From activities and eats to decor and gifts, holiday spending can get hefty. According to The National Retail Federation, this year’s holiday sales will grow between 8.5 percent and 10.5 percent from last year, landing between $843.4 billion and $859 billion.
On an individual level, they estimate that American consumers plan to spend an average of $997.73 on gifts, holiday items, and other non-gift purchases. But for many of us, this may feel like too high a price to pay.
So, what happens when you want to celebrate without breaking the bank? Making your Hanukkah extra special on a limited budget is easy when you follow our how-to guide. From November 28 through December 6, 2021, there’s plenty of room for festive and budget-friendly activities, traditions, meals, and memories-in-the-making.
Hanukkah is a holiday and celebration of light and joy. Lighting the menorah, playing the dreidel game, and singing traditional songs are staples in this eight-day celebration. And we have some suggestions for adding more traditions to your list without spending too much, starting with making your own menorah.
On this affordable DIY Hanukkah list, you will also find instructions to make:
Turn on some music or a movie, break out your craft kits, and get creative.
The last few months of the year are all about sharing, caring, and spreading joy. We recommend making room in any holiday celebration to focus on gratitude. And giving back throughout the season is a great way to do so.
Whether that means organizing a holiday food drive or donating some DIY Hanukkah decorations to a local shelter or senior center, there are few things that bring families closer together than spreading holiday cheer.
And setting a good example early and often helps our children see the bigger picture, teaching them the importance of connection and community.
Cooking traditional meals at home can be a great way to spend time together and feel closer to each other and our heritage. Some of the most traditional Hanukkah foods include latkes, brisket, and matzo ball soup.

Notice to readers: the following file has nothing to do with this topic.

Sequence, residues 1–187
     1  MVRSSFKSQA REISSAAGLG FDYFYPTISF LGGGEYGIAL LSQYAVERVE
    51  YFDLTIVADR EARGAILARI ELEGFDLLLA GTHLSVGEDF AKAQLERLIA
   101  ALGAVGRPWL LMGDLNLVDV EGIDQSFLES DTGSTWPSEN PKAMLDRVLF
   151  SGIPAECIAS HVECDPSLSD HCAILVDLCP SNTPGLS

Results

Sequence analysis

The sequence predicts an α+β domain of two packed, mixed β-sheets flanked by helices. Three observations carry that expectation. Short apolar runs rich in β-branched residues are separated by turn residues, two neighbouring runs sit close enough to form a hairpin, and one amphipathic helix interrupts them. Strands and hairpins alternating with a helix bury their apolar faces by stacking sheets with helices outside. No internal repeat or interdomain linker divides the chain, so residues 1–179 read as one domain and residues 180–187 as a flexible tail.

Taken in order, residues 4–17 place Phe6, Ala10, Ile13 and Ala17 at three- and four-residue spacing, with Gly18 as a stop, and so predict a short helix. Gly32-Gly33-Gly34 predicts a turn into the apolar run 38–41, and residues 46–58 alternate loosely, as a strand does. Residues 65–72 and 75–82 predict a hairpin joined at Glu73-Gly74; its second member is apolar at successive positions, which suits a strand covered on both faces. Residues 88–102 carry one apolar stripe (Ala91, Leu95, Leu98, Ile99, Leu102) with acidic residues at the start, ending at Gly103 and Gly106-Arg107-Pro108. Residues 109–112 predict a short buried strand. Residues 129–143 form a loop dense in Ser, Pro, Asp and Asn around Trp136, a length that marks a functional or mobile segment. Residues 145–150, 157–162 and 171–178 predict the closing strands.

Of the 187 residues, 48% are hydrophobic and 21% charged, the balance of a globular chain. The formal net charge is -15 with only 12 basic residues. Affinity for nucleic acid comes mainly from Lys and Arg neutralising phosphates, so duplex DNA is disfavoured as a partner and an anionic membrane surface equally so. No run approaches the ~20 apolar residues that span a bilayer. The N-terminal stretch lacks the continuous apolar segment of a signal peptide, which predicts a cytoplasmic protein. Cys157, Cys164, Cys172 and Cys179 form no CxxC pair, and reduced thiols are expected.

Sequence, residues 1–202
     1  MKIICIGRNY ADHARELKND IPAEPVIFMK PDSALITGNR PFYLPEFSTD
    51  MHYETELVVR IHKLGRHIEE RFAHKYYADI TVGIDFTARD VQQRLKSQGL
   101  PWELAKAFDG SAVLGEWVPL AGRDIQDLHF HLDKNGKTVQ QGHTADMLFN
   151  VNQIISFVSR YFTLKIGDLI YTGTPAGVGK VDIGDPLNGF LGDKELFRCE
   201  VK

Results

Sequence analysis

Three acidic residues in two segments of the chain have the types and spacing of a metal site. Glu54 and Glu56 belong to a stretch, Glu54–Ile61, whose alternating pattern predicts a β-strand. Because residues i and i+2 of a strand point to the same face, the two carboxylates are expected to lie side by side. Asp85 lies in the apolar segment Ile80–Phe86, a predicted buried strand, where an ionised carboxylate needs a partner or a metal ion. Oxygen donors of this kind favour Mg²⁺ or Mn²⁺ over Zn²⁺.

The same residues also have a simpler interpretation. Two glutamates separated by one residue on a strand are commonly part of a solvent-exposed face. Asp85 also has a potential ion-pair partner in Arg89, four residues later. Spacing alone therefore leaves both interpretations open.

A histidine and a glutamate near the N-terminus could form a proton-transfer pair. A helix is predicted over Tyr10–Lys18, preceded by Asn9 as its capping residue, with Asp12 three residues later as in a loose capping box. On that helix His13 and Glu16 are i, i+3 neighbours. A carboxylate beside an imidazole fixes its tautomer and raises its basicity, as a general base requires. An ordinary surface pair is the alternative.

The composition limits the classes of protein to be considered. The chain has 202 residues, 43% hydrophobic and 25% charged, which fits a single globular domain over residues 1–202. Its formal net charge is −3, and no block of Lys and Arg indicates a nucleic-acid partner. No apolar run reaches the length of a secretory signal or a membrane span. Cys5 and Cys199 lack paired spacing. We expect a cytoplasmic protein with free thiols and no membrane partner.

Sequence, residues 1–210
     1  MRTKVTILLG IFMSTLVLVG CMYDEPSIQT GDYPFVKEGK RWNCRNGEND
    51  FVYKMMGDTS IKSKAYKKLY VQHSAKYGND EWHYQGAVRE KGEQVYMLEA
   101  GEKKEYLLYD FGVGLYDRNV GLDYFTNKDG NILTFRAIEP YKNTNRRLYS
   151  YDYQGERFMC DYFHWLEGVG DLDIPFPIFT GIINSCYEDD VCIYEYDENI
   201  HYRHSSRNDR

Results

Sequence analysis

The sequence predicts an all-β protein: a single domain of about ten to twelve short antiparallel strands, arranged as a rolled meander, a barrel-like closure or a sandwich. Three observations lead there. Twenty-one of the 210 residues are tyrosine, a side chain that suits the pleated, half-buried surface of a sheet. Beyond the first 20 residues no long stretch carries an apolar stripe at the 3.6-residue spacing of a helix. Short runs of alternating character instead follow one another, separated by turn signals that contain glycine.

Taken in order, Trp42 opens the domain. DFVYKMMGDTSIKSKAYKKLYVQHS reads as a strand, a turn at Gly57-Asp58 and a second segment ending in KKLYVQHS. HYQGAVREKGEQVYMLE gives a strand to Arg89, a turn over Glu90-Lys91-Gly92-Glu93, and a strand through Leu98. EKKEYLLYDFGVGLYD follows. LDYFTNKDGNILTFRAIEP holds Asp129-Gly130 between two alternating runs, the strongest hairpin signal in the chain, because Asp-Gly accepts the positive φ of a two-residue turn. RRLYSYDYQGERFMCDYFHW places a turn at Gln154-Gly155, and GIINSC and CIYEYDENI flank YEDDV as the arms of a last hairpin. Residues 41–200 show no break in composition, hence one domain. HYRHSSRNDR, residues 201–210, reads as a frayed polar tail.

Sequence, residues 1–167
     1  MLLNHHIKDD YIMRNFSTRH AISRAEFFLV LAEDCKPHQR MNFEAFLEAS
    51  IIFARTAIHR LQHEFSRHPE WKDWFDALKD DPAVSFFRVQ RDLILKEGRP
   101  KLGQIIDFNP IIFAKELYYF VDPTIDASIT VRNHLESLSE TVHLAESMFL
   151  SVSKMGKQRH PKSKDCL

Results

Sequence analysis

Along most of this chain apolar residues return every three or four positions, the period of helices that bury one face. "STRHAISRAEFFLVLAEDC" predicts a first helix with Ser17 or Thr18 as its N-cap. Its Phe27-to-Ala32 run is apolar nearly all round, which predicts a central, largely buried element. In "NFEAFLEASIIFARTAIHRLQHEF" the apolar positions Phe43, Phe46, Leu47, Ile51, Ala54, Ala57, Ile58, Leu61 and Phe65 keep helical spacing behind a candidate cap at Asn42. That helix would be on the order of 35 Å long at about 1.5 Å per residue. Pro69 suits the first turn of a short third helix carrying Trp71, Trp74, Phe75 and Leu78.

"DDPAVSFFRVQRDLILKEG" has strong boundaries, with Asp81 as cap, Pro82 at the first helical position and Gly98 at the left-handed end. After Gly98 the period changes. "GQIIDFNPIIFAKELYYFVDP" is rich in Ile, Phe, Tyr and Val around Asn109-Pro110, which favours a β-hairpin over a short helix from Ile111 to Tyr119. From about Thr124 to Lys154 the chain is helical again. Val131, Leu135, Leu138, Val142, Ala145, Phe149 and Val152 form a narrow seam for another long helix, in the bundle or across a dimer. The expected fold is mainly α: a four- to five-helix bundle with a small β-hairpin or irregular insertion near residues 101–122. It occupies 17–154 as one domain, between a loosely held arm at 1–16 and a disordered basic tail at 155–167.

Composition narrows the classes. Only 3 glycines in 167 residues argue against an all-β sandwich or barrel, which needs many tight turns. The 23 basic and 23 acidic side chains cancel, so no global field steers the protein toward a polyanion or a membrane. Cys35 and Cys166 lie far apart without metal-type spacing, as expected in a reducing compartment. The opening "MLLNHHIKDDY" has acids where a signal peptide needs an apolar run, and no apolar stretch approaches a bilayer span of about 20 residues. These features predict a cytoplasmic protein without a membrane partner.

And we all know that food tastes better when there’s family involved. This year, consider hosting a potluck get-together rather than making everything on your own. Ask everyone to bring something different, or have multiples of the favorites to see who has developed the best recipe.
After, for a fun DIY dessert kids of all ages can get in on, try your hand at making delicious candy dreidels or sufganiyot - jelly doughnuts. Cooking together creates closer bonds and makes for many memorable moments.
Cap off the night with a puzzle or a movie for a well-rounded and memorable day.
Visiting historical sites and museums is a great way to learn more about the history of Hanukkah. Plus, they’re generally some of the most affordable places to visit and spend a few hours or sometimes even more.
Many museums and historical sites offer low-cost day passes and free entry for kids under a certain age. Call local museums or check their websites to find their costs. If you speak to someone directly, be sure to ask about age, student, and weekday discounts.
A favorite for this particular holiday, The Jewish Museum features nearly 30,000 works of art, media, and ceremonial objects. The building itself is located in New York City, but they offer virtual tours that allow you to travel through 4,000 years of art and Jewish culture from the comfort of your couch. Their exhibitions, programs, and collections are unparalleled.
While the virtual tours can be pretty pricey, they include admission for up to 100 guests. Inviting friends or family members to take the virtual tour with you can help make it more cost-effective for everyone while you watch, listen, and learn about this important holiday and culture.